Virgil Abloh Gives China's Luxury Streetwear Fans Off-White Flagship Store

    Kanye West's creative director opened new Greater China stores following Liu Wen's award-winning Met Gala appearance in an Off-White dress.
    Off-White's new Shanghai flagship store in Jing'an District. (Courtesy Photo)
    Jessica RappAuthor
      Published   in Fashion

    It's been a mere two weeks since Liu Wen dazzled her social media followers and Vogue's best-dressed list jury in a sheer bodice and denim Off-White gown at the Met Gala, and Off-White founder Virgil Abloh has already treated Chinese zealots to a new flagship store in Shanghai. The space, called “Structurally Sound” and located in Shanghai's Reel Department Store in Jingan, features the latest men's and women's clothing collections from Abloh, Kanye West's creative director, alongside his freshly debuted array of colorful, cage-like furniture.

    Off-White also opened its second store in Hong Kong, at 9 Queen’s Road Central, along with an exclusive capsule launch featuring black and white hoodies, t-shirts, accessories, and leather bags displaying an interpretation of the brand's logo. The designer currently has two other mainland China locations, including one in Shanghai's I.T. department store and one in Beijing's Galeries Lafayette. Abloh also has several other shops across Asia, but soon plans on expanding Off-White's presence in Europe and the United States, including new locations in New York and Paris, according to WWD.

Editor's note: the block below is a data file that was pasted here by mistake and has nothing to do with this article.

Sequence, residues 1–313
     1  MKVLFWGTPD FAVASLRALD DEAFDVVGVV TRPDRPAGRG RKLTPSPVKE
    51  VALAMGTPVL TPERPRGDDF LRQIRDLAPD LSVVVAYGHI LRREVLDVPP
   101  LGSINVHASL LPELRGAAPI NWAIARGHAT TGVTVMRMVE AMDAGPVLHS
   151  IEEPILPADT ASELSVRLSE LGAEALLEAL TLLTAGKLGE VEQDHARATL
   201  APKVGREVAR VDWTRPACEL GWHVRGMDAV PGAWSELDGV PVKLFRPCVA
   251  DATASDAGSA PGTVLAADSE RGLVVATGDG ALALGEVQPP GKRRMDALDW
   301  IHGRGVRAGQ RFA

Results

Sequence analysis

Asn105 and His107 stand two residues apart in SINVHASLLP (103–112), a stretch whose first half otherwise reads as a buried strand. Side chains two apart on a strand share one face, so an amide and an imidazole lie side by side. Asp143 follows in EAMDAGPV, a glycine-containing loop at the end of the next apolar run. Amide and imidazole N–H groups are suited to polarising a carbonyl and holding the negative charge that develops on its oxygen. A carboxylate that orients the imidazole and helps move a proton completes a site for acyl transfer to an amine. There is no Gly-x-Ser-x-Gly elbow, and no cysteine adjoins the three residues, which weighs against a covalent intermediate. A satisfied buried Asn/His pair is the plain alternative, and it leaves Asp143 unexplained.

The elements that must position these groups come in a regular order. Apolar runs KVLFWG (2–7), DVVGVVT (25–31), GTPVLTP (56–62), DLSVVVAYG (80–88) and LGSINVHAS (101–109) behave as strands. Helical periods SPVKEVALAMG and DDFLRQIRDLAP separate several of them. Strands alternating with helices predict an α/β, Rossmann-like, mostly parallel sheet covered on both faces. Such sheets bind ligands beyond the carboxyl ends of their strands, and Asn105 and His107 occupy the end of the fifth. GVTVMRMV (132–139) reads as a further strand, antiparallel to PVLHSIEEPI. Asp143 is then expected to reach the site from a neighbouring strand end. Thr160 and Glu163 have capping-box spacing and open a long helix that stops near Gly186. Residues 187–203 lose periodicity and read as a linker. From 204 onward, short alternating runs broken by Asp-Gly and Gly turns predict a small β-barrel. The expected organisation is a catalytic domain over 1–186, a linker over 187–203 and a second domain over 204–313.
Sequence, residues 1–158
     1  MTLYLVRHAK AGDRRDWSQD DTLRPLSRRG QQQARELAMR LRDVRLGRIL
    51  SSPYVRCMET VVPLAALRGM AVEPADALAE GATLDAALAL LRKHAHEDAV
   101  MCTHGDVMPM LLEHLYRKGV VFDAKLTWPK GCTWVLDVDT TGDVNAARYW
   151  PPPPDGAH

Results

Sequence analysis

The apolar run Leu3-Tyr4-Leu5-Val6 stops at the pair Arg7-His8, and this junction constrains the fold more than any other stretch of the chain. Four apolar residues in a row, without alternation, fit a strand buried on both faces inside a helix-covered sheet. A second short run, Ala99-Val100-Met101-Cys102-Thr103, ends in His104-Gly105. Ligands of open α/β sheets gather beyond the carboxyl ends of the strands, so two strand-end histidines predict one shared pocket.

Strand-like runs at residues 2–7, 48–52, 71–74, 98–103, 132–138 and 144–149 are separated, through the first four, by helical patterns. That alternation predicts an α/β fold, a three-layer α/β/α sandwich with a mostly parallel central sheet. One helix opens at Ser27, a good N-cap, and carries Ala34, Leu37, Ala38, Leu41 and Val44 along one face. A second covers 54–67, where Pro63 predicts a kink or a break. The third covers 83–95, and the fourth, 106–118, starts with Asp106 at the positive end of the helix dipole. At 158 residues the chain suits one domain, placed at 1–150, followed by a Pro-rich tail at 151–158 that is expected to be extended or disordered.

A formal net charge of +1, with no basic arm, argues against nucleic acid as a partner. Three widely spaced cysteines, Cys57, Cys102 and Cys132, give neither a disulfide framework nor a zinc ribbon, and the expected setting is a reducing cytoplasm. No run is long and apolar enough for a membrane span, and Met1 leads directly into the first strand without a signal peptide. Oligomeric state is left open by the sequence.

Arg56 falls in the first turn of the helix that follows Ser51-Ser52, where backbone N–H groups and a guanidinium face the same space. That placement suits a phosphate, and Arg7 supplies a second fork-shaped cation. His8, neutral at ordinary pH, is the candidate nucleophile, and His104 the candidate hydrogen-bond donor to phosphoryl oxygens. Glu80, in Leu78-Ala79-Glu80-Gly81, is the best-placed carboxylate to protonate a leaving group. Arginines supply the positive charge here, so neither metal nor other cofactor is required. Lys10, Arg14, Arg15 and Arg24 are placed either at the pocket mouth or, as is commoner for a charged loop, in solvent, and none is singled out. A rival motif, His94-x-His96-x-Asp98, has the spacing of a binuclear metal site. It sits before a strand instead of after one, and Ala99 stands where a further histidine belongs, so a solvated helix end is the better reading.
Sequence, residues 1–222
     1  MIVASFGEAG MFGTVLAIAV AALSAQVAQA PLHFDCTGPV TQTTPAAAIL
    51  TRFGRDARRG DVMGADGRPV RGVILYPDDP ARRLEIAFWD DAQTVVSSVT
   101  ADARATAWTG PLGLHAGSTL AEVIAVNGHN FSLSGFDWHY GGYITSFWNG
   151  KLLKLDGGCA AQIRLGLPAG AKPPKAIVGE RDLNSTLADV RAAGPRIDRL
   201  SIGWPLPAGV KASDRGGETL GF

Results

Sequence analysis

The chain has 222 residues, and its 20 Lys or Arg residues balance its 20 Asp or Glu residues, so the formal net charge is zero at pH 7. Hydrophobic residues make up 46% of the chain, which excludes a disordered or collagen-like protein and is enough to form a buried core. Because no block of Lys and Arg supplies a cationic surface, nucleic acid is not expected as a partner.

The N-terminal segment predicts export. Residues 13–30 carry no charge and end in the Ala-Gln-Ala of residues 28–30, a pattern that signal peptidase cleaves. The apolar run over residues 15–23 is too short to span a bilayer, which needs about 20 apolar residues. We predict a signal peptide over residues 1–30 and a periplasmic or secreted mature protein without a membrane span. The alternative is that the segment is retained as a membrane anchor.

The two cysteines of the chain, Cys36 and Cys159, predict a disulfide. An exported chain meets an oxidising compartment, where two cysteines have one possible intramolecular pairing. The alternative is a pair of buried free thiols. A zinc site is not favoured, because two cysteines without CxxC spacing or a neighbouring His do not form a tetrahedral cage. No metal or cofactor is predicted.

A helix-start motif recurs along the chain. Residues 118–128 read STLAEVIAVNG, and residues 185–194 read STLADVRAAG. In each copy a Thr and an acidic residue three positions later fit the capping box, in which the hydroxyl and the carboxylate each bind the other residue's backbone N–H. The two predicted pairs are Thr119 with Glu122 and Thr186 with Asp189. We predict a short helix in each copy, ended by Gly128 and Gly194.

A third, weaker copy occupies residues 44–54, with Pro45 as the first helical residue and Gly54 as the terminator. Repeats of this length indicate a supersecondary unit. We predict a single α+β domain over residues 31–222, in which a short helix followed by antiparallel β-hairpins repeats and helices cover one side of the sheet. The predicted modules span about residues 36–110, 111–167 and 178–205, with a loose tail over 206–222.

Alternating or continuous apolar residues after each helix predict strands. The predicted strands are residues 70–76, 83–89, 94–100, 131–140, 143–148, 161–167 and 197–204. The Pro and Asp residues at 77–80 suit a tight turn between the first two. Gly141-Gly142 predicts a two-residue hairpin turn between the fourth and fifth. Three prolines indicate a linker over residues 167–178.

Abloh told WWD that his flagship launch in Greater China and Liu Wen's Met Gala outfit were more coincidental than planned. “It happened organically,” he said. “She approached me, and her team had thought of what she wanted to wear. We had a synergy in terms of taste.” Liu Wen told The Cut she never wore denim to the Met Gala before, but her bold move seemed to sit well with Chinese critics.

    One last walk down the #MetGala stairs...thank you #AnnaWintour for always supporting fashion history with such a beautiful event! ❤️

    A post shared by Liu Wen (刘雯) (@liuwenlw) on May 8, 2017 at 7:48am PDT

    The expansion of the Milan-based label is yet another sign that luxury streetwear is hitting it off with the China millennial market, one that clamored for streetwear collaborations between KAWS and Uniqlo and is now thirsty for the likes of Supreme. China's trendy, affluent youth, who tend to have more disposable income compared to their Western counterparts, are also more likely to pay those controversial high prices (a t-shirt runs for nearly US300) to run with the cool kids.

    Discover more
    Daily BriefAnalysis, news, and insights delivered to your inbox.